There is speculation in today’s papers that ACTU secretary Jeff Lawrence has been pushed out of the top job, which he has held for five years, by union leaders who have lost confidence in his advocacy skills.
The theory is that Lawrence has been too moderate is negotiating unions’ position on labour market reform, and has therefore lost the support of all but two union chiefs in Australia.
Lawrence denies this and, with one or two supporters backing him, says he would still be re-elected at the ACTU congress in May. He says he can’t commit to another three year term mainly because he’s getting closer to retirement age.
Hmm. Many business leaders will see this as just another chess piece being moved into position to stop Queen Julia (and King Shorten behind her) from doing anything rash to make the Fair Work Act more business-friendly.
Australian Manufacturing Workers Union boss Dave Oliver is being widely reported as most likely to be the next ACTU boss.
If Oliver starts a three-year term in May, he could end up squaring off against an incoming Abbott government in the way Greg Combet did with the Howard government – albeit with much, much smaller IR issues to be fought over.
Last night I asked ACCI chief executive Peter Anderson what he thought of the end of Lawrence’s tenure. He was full of praise for one aspect of Lawrence’s performance – namely, “keeping the lines of communication open”.
Anderson wisely refuses to make predictions of a more hostile future between ACCI and the ACTU but is mindful that there’s “always the risk the union movement will [once again] see itself as an activist and agitator against the forces of capitalism”.
Anderson says he is not “starry eyed” about the differences that will exist between unions’ and employers’ ambitions in the period ahead, but stresses the need to continue the kind of open dialogue fostered by Lawrence. There are signs of this disintegrating already – Anderson points out that some union leaders have recently “boasted” of winning wage rises in enterprise bargaining negotiations without productivity trade-offs.
Anderson cautions unions to remain focused on the spirit for enterprise bargaining envisaged when it was introduced by Paul Keating in the early 1990s. “Enterprise bargaining conceptually is very sound,” he says. “It’s union intervention that can make it unworkable.”
Under the Fair Work Act union organisers are enjoying improved right-of-entry to worksites and, in some sectors, are gaining the upper hand due to shortages of skilled labour – particularly in the resources and energy sectors (though, it must be said, great swathes of workers in those sectors work on common law contracts rather than EBA-based pay scales).
When there are large profits to be made, and a shortage of skilled workers to help make them, union reps can walk into negotiations with all the menace of a Schwarzenegger action hero.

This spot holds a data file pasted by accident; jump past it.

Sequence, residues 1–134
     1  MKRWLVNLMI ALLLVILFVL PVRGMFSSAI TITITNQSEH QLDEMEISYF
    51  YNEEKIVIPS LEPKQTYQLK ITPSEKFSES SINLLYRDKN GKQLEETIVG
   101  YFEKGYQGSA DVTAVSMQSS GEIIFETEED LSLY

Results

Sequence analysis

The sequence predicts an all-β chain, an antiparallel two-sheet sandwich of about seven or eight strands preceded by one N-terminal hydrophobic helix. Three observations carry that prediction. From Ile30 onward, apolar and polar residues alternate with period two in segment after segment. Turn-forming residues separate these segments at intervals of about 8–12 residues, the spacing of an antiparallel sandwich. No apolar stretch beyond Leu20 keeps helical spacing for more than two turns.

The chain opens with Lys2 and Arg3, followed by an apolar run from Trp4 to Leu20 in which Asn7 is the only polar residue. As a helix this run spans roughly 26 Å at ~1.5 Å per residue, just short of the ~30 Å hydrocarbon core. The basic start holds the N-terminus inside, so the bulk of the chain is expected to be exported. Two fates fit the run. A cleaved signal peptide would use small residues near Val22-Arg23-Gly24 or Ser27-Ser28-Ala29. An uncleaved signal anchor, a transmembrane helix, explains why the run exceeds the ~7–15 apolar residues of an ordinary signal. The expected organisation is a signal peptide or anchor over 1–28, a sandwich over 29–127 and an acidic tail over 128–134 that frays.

Lawrence has urged journalists not to view the latest development through the “prism” of Labor politics. Fat chance. The political reality is that unions have about 18 months to shore up key aspects of the Fair Work Act before important IR arguments are made during the 2013 election campaign.
There is no sign at this stage that the Coalition is planning to move outside the enterprise-bargaining framework – for political reasons the Coalition won’t return to individual workplace agreements – but in a speech yesterday shadow treasurer Joe Hockey made the strongest statement yet that the Abbott team will not be rolling over on IR again, as it did at the last election.
Hockey said: “It is becoming clear that the government’s changes to industrial relations have made the system less flexible and more bound by regulation … It also appears increased union power is again leading to increased levels of industrial disputation”. However, he added, we won’t know what the Coalition plans to do about that until closer to election time.
In the meantime, the government’s Fair Work review is being overseen by workplace relations minister Bill Shorten who has promised ACCI and other peak business groups that he will not unreasonably limit the issues under consideration. Anderson welcomes Shorten’s promises, but says with a kind of menance of his own, “we will hold Bill Shorten to his word”.
There is no doubt that some unionists, emboldened by new bargaining powers given to them by the Fair Work Act, are lazily returning to the kind of adversarial IR thinking of yesterday – a battle between labour and capital. That kind of thinking, if expressed through the ACTU, would do much to damage Australia.
That puts a huge responsibilty on Dave Oliver, if he takes the reins at the ACTU, and on Bill Shorten. Together they must keep a lid on hard-left agitators and seriously examine the demands of employer groups to bring the IR system back to a win-win process of both rising wages and rising productivity.
That’ll be no mean feat, but if they fail in that task they only leave more undefended territory to be seized by the Coalition at the next election. WorkChoices died nearly five years ago – an election strategy based on fighting its ghost won’t be enough this time.
This article was first published in Business Spectator.